Visit our Patient Assistance page and click the links to various patient assistance programs for help paying for Palbociclib (Ibrance®) + Letrozole (Femara®). Depending upon your income, they may be able to help cover the cost of:

  • Palbociclib
  • Letrozole

For Branded medications (may be available for generic medications too), check with the manufacturer to determine if a co-pay card is offered and if it could reduce your monthly copay.

  • If you are uninsured, check with the manufacturer to determine if you are eligible to receive medication at no cost.

Medicare and Medicaid patients (Patients 65 years or older):
The clinic providing treatment will likely pre-authorize medications and immune therapies such as Palbociclib (Ibrance®) + Letrozole (Femara®) and are the best source to help you understand drug cost.

  • Ask to speak with a patient assistance technician or financial counselor at the clinic or hospital administering this therapy.

Emotional Wellness

What is Emotional Wellness?
Emotional wellness is having a positive outlook balanced with a realistic understanding of current life events. This requires both an awareness and acceptance of your emotions. It is with this knowledge that you can develop a plan to take the necessary actions to positively impact your life.

Emotional wellness uses an ongoing process to continually reflect on the stressors of life in a constructive manner to move forward and create happiness.

Because emotional wellness is deeply connected with physical, social, and spiritual wellness, pursuing it often becomes particularly difficult in times of major illness. Despite this difficulty, working toward emotional wellness has been connected to improved treatment outcomes and a higher likelihood of achieving goals of therapy.

Learn more about pursuing emotional wellness while receiving treatment with Palbociclib (Ibrance®) + Letrozole (Femara®)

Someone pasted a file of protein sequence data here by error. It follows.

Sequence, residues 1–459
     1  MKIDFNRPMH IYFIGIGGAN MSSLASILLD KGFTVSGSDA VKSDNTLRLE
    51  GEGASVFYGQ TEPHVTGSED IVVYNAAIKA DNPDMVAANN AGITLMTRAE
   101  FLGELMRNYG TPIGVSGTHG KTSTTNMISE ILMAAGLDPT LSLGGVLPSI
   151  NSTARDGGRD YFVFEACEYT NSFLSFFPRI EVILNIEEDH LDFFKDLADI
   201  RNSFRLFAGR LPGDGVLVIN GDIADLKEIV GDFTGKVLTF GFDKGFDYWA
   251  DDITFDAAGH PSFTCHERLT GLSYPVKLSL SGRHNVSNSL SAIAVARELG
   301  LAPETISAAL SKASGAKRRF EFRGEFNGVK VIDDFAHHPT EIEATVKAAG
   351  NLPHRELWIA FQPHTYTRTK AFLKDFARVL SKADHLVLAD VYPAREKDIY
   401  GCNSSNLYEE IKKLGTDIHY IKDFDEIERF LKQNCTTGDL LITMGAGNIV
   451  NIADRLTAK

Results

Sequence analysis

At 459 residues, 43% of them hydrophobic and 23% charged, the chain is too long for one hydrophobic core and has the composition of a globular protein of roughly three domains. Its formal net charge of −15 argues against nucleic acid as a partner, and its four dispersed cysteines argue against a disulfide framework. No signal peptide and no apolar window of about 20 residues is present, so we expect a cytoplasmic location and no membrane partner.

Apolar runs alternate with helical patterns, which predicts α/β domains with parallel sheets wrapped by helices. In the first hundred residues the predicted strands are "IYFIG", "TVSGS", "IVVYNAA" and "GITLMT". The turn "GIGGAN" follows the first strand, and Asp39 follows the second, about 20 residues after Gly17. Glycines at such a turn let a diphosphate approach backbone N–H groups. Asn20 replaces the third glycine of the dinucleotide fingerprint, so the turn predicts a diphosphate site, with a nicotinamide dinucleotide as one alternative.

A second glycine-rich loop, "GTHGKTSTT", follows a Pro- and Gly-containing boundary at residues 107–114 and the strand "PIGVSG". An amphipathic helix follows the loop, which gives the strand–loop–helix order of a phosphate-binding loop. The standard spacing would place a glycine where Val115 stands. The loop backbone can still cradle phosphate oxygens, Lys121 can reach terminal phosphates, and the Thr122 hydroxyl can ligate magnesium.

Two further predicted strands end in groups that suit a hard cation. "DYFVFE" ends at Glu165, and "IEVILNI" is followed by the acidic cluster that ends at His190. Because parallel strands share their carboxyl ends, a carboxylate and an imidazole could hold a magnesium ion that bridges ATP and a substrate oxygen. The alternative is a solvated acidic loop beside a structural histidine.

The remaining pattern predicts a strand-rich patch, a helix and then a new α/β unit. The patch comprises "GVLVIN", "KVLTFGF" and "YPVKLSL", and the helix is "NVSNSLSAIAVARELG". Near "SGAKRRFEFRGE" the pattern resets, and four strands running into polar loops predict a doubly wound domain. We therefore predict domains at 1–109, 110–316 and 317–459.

Individual Drug Label Information

Palbociclib (Ibrance®)

  • Palbociclib is an oral capsule that comes in strengths of: 125 mg, 100 mg, or 75 mg 
  • Take with food at the same time each day. Do not crush or open capsules. 
  • If you miss a dose, take it as soon as you remember if it’s the same day. If it is the next day, take your regular dose as scheduled. Do not double the dose to make up for the missed dose 
  • If you vomit up a dose, an additional dose should not be taken that day. Take the next dose at the next regular scheduled time 
  • Store at room temperature in a cool, dry place 
  • Dosage adjustments may be required for low white blood cells or other severe side effects 
  • May interact with certain antifungal and seizure medications. Ask your doctor or pharmacist to review your medications for any possible interactions  
  • May interact with grapefruit and grapefruit juice causing increased blood levels of palbociclib. This could increase your risk of experiencing side effects. Avoid eating grapefruit and drinking anything containing grapefruit juice during treatment 
  • Avoid therapy with St. Johns Wort as it will decrease blood levels of palbociclib. This could decrease it’s effectiveness 
  • Avoid during pregnancy. Contact your doctor immediately if you think you may have become pregnant. 
  • Females who are of child bearing age should use contraception during treatment and for at least 2 weeks after stopping palbociclib 
General Palbociclib (Ibrance) Side Effects 
  • Low white blood cells, red blood cells, and platelets are common 
  • Can increase risk for infections such as upper respiratory tract infections 
  • Spontaneous nose bleeds may occur 
  • Nausea and vomiting may occur 
  • May cause diarrhea 
  • May cause mouth sores 
  • Hair loss can occur 
  • May cause tingling or numbness in fingers and toes 
  • Click on the palbociclib (Ibrance) package insert below for reported side effects and possible drug interactions

Side Effect Videos
Nausea and VomitingNausea and VomitingDiarrheaDiarrheaHair LossHair LossFatigue Fatigue BleedingBleedingAnemiaAnemiaBlood ClotsBlood Clots

See DailyMed package insert.

Letrozole (Femara®)

  • Letrozole is an oral tablet 
  • Letrozole can be taken with or without food. Swallow tablets whole and do not crush tablets. If you miss a dose, take the dose as soon as you remember if it is still the same day. If it is the next day, take your regular dose as scheduled. Do not double your dose to make up for the missed dose 
  • Letrozole should be stored at room temperature in a cool, dry place 
  • Dosage adjustments may be required due to side effects or liver dysfunction 
  • May cause fetal harm; avoid pregnancy 
General Letrozole (Femara) Side Effects 
  • One of the most common side effects reported is hot flashes. Talk to your doctor about ways to minimize and treat hot flashes. Do not take any medicines, herbs, or natural supplements without speaking with your doctor or pharmacist first 
  • Joint pain 
  • Decreased bone strength 
  • Increase in blood cholesterol